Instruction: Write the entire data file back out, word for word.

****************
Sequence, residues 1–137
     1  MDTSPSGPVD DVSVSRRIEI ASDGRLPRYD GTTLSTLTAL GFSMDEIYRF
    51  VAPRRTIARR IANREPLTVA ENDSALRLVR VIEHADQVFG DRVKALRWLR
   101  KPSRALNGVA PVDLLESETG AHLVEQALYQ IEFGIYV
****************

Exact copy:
Sequence, residues 1–137
     1  MDTSPSGPVD DVSVSRRIEI ASDGRLPRYD GTTLSTLTAL GFSMDEIYRF
    51  VAPRRTIARR IANREPLTVA ENDSALRLVR VIEHADQVFG DRVKALRWLR
   101  KPSRALNGVA PVDLLESETG AHLVEQALYQ IEFGIYV